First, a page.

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The experimental study of the physiological mechanisms of animal behavior, which began in the 1800s, has dual origins. Research on neural mechanisms, now referred to as behavioral neurobiology, neuroethology, or behavioral neuroscience, has its roots in comparative neuroanatomy, comparative physiology, and physiological psychology. Research on hormonal mechanisms, now known as behavioral neuroendocrinology, arose from endocrinology in addition to many other fields. With the realization that the nervous and endocrine systems are functionally connected, there has been increased integration within the field. Connections with several newer branches of science, such as molecular biology, have been established as well.
The Molecular Era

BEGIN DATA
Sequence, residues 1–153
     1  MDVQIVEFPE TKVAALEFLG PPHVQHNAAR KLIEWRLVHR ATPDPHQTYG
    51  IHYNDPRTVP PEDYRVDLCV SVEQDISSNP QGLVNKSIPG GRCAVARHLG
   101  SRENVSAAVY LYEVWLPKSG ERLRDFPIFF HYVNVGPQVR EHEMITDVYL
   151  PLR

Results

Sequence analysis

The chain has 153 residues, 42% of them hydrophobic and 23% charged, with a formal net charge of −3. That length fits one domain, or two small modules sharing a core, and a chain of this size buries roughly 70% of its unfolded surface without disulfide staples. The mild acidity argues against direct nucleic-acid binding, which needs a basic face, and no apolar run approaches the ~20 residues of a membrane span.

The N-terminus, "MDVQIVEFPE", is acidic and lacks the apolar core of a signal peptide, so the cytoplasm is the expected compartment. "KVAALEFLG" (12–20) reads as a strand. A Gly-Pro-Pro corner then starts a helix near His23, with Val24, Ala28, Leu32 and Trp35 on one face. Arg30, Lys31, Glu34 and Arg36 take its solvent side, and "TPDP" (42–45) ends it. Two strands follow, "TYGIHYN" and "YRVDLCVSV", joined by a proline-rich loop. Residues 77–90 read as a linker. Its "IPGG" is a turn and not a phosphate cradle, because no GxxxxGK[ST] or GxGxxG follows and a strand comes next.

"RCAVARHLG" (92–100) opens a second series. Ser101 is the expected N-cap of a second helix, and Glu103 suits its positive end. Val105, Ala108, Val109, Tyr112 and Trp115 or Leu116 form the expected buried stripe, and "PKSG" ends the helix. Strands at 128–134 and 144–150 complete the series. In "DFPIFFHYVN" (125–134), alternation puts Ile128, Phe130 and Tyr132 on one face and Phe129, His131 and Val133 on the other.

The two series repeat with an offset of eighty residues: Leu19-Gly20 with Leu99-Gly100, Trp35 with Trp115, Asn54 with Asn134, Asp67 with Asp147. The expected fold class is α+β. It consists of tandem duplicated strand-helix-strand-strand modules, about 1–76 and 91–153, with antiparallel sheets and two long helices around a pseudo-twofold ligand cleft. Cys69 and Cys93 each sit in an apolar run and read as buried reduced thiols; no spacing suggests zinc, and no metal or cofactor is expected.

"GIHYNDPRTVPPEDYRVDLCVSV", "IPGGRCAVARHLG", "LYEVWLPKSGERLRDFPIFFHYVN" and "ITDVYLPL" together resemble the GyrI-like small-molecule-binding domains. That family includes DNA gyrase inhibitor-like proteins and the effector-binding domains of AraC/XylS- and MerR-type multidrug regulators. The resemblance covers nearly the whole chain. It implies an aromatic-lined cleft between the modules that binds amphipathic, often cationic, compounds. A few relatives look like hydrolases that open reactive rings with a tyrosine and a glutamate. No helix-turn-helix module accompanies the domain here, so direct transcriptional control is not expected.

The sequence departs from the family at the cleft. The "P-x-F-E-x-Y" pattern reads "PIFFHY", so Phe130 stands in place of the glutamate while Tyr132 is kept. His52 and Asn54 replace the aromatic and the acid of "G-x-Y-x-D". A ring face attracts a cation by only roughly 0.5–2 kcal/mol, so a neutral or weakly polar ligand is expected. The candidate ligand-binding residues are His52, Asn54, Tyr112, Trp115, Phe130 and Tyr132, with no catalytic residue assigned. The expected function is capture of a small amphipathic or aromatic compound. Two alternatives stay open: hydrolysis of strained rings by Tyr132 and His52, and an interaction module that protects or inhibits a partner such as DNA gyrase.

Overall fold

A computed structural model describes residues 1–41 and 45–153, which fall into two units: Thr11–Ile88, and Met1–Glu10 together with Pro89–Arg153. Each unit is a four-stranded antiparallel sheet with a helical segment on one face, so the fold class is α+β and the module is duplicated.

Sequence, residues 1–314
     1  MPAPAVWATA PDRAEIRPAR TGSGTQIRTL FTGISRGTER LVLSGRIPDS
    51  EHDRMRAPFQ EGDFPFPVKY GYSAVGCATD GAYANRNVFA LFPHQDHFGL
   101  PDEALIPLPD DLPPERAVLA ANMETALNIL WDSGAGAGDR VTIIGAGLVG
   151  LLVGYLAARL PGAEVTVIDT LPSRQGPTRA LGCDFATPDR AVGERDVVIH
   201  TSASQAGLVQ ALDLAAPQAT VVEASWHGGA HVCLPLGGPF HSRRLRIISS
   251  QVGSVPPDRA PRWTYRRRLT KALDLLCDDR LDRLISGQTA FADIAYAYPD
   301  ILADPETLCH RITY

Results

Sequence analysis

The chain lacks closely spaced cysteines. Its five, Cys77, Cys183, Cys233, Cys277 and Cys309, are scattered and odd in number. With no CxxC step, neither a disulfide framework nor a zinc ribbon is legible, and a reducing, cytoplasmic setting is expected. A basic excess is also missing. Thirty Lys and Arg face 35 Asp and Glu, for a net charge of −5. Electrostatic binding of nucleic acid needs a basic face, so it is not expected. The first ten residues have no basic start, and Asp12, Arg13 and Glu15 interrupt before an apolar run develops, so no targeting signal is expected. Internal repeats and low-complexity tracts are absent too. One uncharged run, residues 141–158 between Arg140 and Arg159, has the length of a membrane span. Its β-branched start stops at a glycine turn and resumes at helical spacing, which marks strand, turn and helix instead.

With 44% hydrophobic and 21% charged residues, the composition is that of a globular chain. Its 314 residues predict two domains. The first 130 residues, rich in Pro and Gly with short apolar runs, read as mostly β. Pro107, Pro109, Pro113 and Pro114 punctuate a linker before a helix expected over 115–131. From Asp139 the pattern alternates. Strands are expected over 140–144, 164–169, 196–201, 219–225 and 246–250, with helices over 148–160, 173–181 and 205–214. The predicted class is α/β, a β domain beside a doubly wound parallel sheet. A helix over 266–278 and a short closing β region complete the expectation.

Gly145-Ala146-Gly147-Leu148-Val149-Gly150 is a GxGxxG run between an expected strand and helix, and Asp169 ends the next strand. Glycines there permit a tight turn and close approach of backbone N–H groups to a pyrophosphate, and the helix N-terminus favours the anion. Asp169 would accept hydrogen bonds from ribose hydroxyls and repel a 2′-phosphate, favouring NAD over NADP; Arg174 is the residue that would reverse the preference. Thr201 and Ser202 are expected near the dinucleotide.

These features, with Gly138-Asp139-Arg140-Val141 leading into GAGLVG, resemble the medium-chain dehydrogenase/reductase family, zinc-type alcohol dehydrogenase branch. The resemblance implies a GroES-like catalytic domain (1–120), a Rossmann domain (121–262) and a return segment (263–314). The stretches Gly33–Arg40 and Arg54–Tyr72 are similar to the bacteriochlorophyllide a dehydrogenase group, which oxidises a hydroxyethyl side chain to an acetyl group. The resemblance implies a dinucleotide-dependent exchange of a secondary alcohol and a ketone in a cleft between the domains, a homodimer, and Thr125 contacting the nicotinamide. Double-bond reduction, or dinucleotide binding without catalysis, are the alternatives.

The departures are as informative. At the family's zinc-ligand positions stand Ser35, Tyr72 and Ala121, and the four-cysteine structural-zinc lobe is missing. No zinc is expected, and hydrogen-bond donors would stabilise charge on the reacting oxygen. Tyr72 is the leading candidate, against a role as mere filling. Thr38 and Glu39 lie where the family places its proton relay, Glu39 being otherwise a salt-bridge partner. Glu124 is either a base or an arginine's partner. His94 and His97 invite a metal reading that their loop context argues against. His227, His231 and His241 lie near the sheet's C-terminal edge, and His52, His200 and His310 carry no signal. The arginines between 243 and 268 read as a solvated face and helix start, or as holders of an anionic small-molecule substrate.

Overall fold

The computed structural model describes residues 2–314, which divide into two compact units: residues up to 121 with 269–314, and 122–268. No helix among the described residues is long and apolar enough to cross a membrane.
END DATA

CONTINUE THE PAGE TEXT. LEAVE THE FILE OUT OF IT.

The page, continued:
Methodologies arising from molecular biology are now revolutionizing our understanding of the role of specific hormones and their receptors in behavior (Pfaff and Joels, 2017). For example, research in “knock-out” mice made mutant for the gene for oxytocin, the oxytocin receptor, or the vasopressin (V1a) receptor suggests that both oxytocin and vasopressin are important for selective, social recognition learning (Young and Hammock, 2007). However, it is interesting that mice with these genetic deficits are not asocial, can still give birth, and remain capable of maternal behavior. Taken together, and in the context of studies of pair bond formation, these findings suggest that in mammals, both oxytocin and vasopressin are necessary for the development of selective social interactions. These molecules, along with many others, work as components of a highly integrated and often sexually dimorphic neural circuitry for social behavior. Molecular methods have also been used to demonstrate that differences in the expression of the genes for neuropeptide receptor are correlated with species- and individual-differences in patterns of sociality. By over-expressing certain genes, it is possible to create animals capable of showing behavioral patterns that are not usually seen in their species. For example, increasing availability of the V1a receptor in specific brain regions produces males capable of forming pair bonds, even in species, such as montane voles, for which this is atypical. Studies of mice that lack the gene for specific steroid receptors are also providing a new understanding of the behavioral effects of compounds such as estrogen, progesterone, and androgen. This research is complicated by interactions among different hormones and the presence of various subtypes of steroid receptors. However, such work has important translational implications because of the many medical manipulations of hormones, including widely used hormone replacement therapies and contraceptives.